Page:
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Oakland: Roberto Clemente


Roberto Walker Clemente,
Voted into baseball's Hall of Fame
20 March 1973.(6)
BORN: 18 August 1934.
DIED: 31 December 1972.

  • He is rightfully Pittsburgh's pride and joy. The fans laugh at his antics, ooh-and-ah at his spectacular plays, roar in anticipation of his performance, and in general love the man. In my recollection there has never been any concerted booing of Clemente at Forbes Field, a remarkable tribute from fans not always noted for their generosity toward their heroes. Long ago they began delighting in this finely-honed, slightly structured man whose strength and skill are evident in the results rather in his appearance. And they have never stopped. (7)

  • That play Clemente made in the eighth inning is why he is the greatest player in the game today. Next week in the championship playoffs and the following week in the World Series, every player will make that play. They'll be diving for balls. But Roberto Clemente is the only player in the game today who will make that play in a meaningless game the last week of the season. That's why he's the greatest player in the game today. (8)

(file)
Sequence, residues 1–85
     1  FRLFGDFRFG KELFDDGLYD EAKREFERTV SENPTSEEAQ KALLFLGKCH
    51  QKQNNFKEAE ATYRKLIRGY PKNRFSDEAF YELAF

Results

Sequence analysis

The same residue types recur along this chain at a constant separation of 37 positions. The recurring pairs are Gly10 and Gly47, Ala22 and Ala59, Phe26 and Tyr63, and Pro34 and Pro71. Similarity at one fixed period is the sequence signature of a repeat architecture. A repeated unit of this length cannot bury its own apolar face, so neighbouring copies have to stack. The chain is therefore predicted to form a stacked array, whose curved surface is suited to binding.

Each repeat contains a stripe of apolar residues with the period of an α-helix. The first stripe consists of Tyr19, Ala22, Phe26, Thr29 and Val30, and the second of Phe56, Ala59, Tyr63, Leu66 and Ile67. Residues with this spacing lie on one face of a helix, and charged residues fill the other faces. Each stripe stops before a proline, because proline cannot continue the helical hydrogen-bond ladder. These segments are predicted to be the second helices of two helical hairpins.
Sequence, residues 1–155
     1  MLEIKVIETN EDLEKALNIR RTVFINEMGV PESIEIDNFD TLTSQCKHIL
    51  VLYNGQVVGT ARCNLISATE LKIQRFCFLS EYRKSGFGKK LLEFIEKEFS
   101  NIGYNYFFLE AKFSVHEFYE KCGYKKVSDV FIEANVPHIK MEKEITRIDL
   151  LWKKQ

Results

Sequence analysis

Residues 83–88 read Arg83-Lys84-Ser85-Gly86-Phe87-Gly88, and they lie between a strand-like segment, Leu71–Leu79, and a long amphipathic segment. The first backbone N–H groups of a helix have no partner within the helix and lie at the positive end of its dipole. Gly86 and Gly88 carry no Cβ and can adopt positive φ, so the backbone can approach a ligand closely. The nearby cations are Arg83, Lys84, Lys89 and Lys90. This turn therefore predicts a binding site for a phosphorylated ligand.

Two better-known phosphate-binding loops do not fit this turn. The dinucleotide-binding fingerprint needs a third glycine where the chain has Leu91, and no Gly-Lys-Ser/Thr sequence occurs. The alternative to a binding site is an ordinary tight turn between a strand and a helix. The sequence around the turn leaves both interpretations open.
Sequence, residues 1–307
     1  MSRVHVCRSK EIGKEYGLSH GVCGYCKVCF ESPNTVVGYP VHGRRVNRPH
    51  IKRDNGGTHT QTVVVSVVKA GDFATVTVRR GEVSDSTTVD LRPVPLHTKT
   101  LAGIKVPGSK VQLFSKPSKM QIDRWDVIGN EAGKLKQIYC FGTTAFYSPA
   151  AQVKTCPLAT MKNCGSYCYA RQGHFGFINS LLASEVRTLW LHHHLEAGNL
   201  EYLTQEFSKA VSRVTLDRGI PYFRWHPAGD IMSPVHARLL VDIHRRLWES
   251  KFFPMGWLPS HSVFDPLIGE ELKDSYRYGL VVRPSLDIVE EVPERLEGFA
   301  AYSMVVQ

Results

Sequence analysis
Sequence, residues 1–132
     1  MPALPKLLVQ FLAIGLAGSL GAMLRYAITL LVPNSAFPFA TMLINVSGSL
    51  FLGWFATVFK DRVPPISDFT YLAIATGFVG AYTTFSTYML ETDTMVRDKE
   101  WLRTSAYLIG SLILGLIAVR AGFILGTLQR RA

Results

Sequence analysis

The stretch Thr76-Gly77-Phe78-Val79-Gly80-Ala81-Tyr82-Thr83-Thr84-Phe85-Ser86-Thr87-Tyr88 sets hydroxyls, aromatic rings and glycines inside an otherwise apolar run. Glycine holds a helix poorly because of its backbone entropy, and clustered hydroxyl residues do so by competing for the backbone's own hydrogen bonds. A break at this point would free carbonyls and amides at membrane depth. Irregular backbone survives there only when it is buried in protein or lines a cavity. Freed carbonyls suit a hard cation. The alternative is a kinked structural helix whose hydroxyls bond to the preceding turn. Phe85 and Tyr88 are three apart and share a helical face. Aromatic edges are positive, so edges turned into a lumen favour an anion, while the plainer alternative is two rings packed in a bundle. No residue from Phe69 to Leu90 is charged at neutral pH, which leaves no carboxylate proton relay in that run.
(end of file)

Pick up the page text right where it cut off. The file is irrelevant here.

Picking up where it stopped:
• And nobody quite combines a running catch, a whirl and a throw the way Clemente does--so that he is occasionally photographed suspended sideways in the air, about four feet above the ground, releasing a lightning bolt. (9)

  • Known as a bad ball hitter, he almost never goes after the first pitch because he doesn't want to end his time at bat too soon. His hitting philosophy is to go after any pitch anywhere that looks sweet and challenging at the moment. (10)

  • In an interview conducted shortly after the 1972 season ended, Clemente said, "I am convinced that God wanted me to be a baseball player. I was born to play baseball." (11)


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